We initially hypothesised that larger CSA reductions, inferring larger longitudinal elongations, would occur in areas where the tendon CSA was smaller. In sharp contrast, we found larger CSA reductions, inferring larger longitudinal elongations, in the proximal Achilles tendon region where tendon CSA was actually greatest (Fig. 2). This finding raises at least two main possibilities. (1) Forces may not be distributed equally throughout the length of the Achilles tendon and areas of smaller CSA may experience lower forces and stresses. (2) There may be differences in the Achilles tendon's material properties along its length that could result from changes in the volume fraction, with collagen fibre-to-matrix ratios increasing in areas where the tendon CSA is smaller.

Although possible, option 1 seems unlikely as the forces experienced in the smaller CSA regions would need to be substantially lower than those in other regions to compensate for the smaller CSA. Although not implausible, it is difficult to understand how the forces transmitted through an in-series structure could vary so drastically. The density and area fraction of collagen fibrils have been shown to vary between different regions of the rabbit patellar tendon (Williams et al., 2008), raising the possibility that changes to the collagen fibre-to-matrix ratio (option 2) may occur along the length of the human Achilles tendon. If this collagen fibre-to-matrix ratio increases in regions of smaller tendon CSA, it may increase the modulus in these Achilles tendon regions and contribute towards explaining the current findings.

The finding of differential deformations along the length of the proximal and distal Achilles tendon components is in line with previous in vivo reports of non-uniform longitudinal elongations in the soleus tendon–aponeurosis and tibialis anterior muscle–tendon unit (Finni et al., 2003; Maganaris and Paul, 2000). Differences in elongation have also been reported between the gastrocnemius tendon–aponeurosis and the Achilles tendon (Bojsen-Moller et al., 2004; Magnusson et al., 2003). Our findings are also in line with in vitro reports of non-uniform elongations along the length of the human Achilles and other long tendons (Wren et al., 2001; Zernicke et al., 1984). As the gastrocnemius and soleus tendons ‘fuse’ to form the Achilles tendon distal to the soleus muscle, there is the potential for intra-tendinous shear to occur within the Achilles tendon. Indeed, the propensity for shear within the Achilles tendon has been indicated from in vivo (Bojsen-Moller et al., 2004; Magnusson et al., 2003) and in vitro (Lersch et al., 2012) human studies.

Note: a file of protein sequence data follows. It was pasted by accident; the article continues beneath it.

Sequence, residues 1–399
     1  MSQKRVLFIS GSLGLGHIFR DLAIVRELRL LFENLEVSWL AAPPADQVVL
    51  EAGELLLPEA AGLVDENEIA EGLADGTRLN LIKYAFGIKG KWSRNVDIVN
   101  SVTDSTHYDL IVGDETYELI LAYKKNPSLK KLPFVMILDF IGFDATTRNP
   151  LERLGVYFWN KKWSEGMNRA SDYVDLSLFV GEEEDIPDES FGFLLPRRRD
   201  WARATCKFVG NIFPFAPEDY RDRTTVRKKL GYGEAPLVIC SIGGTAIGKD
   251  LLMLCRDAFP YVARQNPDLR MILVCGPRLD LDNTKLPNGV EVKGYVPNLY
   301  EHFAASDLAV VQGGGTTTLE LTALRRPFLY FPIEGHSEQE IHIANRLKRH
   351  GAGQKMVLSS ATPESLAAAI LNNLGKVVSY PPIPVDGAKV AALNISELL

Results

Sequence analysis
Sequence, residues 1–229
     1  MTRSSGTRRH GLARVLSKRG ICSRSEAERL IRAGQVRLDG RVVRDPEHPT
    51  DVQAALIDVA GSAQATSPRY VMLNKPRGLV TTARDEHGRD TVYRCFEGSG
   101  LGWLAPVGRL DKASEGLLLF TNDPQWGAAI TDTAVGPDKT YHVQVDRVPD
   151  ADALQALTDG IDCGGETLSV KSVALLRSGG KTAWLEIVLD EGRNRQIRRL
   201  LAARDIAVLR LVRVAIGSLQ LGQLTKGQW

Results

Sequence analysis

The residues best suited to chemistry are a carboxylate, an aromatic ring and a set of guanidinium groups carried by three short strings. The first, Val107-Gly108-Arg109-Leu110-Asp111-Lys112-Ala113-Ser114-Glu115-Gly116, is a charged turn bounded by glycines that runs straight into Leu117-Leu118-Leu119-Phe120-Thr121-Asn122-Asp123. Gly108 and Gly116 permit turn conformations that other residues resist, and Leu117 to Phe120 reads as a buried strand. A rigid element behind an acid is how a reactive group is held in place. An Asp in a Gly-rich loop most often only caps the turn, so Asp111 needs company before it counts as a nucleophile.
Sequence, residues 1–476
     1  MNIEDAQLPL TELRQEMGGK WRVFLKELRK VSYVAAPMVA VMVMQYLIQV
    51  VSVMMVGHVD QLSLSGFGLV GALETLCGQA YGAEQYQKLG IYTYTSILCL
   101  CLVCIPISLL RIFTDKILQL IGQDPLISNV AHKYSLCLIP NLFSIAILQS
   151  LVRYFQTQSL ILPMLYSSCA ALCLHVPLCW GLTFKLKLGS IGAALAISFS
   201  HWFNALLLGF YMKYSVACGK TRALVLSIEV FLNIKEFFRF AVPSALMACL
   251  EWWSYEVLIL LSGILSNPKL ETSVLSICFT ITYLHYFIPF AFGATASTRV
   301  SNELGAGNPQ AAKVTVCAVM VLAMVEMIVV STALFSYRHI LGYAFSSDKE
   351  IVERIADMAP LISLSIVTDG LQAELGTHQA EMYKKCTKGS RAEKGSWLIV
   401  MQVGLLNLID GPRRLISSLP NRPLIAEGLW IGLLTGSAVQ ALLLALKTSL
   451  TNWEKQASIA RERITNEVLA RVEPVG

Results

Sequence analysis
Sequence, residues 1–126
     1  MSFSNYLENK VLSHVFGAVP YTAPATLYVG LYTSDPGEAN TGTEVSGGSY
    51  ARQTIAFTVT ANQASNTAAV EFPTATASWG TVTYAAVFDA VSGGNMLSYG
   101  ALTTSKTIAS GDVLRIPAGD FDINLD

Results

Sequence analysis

Three muscles (gastrocnemius medial and lateral heads and soleus) generate force applied to the Achilles tendon and their individual force contributions will vary according to their PCSA (Fukunaga et al., 1992). These three muscles may also be activated to different relative levels at any given joint torque. Indeed, activation of the lateral gastrocnemius muscle was shown to be relatively low at 30% of maximum voluntary plantarflexion contraction compared with that of the medial gastrocnemius (Masood et al., 2014). This highlights the complexity of loading on the Achilles tendon with contributions from three independent muscles, which have been suggested to constitute mechanically separate tendon compartments within the Achilles (Bojsen-Moller and Magnusson, 2015). Indeed, ultrasound speckle tracking methods have shown greater elongation within the deeper region of the Achilles tendon compared with the superficial layer during loading (Arndt et al., 2012; Franz et al., 2015; Slane and Thelen, 2015). This may suggest the presence of inter-fascicle sliding and a relative independence of gastrocnemius and soleus tendon components functioning within the Achilles tendon. The fibres of the Achilles tendon may spiral by up to 1.57 rad as they descend towards the attachment site on the calcaneus, with the degree of rotation varying according to the nature and extent of the fusion between gastrocnemius and soleus tendon components within the Achilles tendon (Cummins and Anson, 1946) and also varying considerably between individuals (Bojsen-Moller and Magnusson, 2015). This complex 3D micro-structure will have implications for the degree of deformation occurring along the different regions of the Achilles tendon, probably determining areas of shear and torsional stress concentration. This is reflected by markedly different values for Poisson's ratio between the proximal and distal Achilles tendon regions (Table 3). It might be speculated that rather than differences in tendon CSA as we initially hypothesised, the complex 3D micro-structure and the potential for shear within the tendon could be factors contributing to the high rupture rate of the Achilles tendon 3–5 cm proximal to the calcaneus (Józsa et al., 1989). To determine the effects of different structural distributions within and along the Achilles tendon, construction of a finite element model is required similar to that previously performed for the patellar tendon (Lavagnino et al., 2008).